Latest from ICON Magazine
11:22 pm
Tue June 9, 2015

June Christy Was Something Cool

I’m not sure what year I became a June Christy fan, but it must have been during her later years with the Stan Kenton band. I liked Kenton’s innovative approach to jazz. I first saw the band perform at Philly’s Academy of Music in the early 1950s. Christy was a member of the band at the time, but I don’t remember seeing her that night. At that time, almost everyone went to see Kenton’s trumpet virtuoso Maynard Ferguson—whose high notes on the instrument threatened to bring rain.

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WRTI Arts Desk
11:32 am
Tue June 9, 2015

Yannick Nezet-Seguin On The Highs and Lows of the Orchestra's European Tour

Yannick Nezet-Seguin at Royal Festival Hall in London.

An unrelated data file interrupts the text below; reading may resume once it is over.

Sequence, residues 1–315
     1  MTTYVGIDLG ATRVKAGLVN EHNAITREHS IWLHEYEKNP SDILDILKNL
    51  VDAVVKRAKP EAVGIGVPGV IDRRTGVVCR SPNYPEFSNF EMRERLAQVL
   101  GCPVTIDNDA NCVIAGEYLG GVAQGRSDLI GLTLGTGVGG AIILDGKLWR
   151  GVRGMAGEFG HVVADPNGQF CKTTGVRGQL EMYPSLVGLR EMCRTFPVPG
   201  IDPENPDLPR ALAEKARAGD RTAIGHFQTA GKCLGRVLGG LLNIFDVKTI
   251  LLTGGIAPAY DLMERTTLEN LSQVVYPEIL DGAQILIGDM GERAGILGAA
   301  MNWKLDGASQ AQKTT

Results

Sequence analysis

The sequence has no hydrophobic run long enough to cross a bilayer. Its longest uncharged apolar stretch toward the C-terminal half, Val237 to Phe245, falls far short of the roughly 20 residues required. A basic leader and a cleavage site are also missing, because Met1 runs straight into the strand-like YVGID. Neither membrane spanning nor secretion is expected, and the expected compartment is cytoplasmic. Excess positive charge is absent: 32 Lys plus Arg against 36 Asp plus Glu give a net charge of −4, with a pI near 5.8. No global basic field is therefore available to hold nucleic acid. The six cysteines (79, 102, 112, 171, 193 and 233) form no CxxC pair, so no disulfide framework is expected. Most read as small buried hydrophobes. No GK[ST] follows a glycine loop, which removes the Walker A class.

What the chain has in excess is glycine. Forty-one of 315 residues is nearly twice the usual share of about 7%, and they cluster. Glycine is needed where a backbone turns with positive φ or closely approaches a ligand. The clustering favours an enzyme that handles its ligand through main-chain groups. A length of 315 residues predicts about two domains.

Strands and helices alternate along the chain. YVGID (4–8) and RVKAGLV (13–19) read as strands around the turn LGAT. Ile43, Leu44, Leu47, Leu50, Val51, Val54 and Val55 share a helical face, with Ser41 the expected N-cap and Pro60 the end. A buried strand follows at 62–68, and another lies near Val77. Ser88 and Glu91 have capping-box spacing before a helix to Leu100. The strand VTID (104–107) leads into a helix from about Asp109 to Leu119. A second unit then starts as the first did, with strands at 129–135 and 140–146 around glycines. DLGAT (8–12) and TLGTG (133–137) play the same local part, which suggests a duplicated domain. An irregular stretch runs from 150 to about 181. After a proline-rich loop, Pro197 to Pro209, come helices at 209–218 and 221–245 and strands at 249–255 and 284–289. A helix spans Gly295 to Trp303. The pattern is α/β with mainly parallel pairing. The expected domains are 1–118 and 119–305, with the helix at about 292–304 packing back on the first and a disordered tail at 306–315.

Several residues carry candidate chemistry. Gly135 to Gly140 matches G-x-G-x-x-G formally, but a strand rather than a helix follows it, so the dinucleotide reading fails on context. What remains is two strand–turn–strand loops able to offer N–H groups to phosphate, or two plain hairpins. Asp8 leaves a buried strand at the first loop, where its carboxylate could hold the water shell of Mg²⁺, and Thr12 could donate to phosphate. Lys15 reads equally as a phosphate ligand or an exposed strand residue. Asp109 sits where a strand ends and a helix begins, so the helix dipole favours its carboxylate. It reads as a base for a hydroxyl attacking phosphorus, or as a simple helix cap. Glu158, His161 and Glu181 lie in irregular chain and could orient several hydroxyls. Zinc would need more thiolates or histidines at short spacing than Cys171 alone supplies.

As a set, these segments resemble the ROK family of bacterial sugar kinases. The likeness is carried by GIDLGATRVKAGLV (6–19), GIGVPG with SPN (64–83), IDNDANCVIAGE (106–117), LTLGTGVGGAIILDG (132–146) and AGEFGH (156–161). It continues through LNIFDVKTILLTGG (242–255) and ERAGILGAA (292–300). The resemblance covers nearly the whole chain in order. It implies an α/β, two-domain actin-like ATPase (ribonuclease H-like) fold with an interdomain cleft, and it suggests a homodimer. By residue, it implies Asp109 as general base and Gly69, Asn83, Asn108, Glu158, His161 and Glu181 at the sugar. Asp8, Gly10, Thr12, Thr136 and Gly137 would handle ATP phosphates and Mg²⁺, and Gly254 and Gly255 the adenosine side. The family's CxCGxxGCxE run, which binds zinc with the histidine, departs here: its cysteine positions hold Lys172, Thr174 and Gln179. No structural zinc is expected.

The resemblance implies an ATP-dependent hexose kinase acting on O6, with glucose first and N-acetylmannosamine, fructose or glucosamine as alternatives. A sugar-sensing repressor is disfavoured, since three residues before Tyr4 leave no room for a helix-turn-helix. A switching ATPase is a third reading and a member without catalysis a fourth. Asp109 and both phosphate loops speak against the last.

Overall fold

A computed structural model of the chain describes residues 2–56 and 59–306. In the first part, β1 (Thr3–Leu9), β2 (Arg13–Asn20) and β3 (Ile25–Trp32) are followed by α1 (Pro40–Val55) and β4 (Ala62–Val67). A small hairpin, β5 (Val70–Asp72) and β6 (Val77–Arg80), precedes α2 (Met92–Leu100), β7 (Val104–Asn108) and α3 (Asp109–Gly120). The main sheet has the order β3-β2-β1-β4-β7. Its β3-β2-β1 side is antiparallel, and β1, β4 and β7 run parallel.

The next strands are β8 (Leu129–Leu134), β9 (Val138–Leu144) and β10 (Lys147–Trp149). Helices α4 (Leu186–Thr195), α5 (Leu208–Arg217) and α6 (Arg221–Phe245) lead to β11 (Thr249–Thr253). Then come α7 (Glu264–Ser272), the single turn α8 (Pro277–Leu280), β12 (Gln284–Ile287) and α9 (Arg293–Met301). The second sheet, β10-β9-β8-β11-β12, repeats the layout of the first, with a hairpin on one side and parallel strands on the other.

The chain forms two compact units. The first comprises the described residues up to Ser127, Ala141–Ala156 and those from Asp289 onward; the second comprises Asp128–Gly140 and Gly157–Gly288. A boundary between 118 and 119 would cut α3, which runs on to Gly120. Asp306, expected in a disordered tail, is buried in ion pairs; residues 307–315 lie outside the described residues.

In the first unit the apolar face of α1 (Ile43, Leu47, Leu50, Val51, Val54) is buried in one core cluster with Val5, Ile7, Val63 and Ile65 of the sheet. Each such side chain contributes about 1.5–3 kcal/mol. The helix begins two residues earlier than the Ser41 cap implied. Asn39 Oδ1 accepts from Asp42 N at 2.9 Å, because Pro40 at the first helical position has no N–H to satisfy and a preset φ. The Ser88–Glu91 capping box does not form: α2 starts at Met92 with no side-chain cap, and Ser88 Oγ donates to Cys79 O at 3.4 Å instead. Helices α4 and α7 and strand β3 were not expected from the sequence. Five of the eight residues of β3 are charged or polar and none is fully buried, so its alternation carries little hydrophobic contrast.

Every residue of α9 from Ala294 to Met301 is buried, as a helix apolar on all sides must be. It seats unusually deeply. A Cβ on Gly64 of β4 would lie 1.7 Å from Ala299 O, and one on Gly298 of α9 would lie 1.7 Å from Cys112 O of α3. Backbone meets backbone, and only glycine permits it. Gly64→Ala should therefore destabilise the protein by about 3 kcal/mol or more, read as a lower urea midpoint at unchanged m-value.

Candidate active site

Jan Regan

The Philadelphia Orchestra’s three-week swing through Germany, France, Holland and England left cheering audiences in its wake. Minutes before going onstage at London’s Royal Festival Hall for the final concert of the tour, Music Director Yannick Nezet-Seguin told the Philadelphia Inquirer’s David Patrick Stearns what made him the happiest.

David Patrick Stearns: The Viennese were the toughest. The Londoners were the smartest. The Parisians were...well, Yannick Nezet-Seguin explained it best.

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Latest from ICON Magazine
6:52 pm
Mon June 8, 2015

Harold Mabern, Modern Bebop, and Irresistible Singers

Pianist Harold Mabern is a two-fisted swinger, a legendary presence on the many great Blue Note dates of the ’60s, who continues to add a distinctive groove to his many solo projects. He’s partial to playing blocks of chords hard and quick, as if he needs to get somewhere fast. His melodic ideas seem to dance from his fingertips. It’s his signature technique combined with a sound that’s shot through with honey-dripping soul, as sweet and graceful as can be.

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WRTI Arts Desk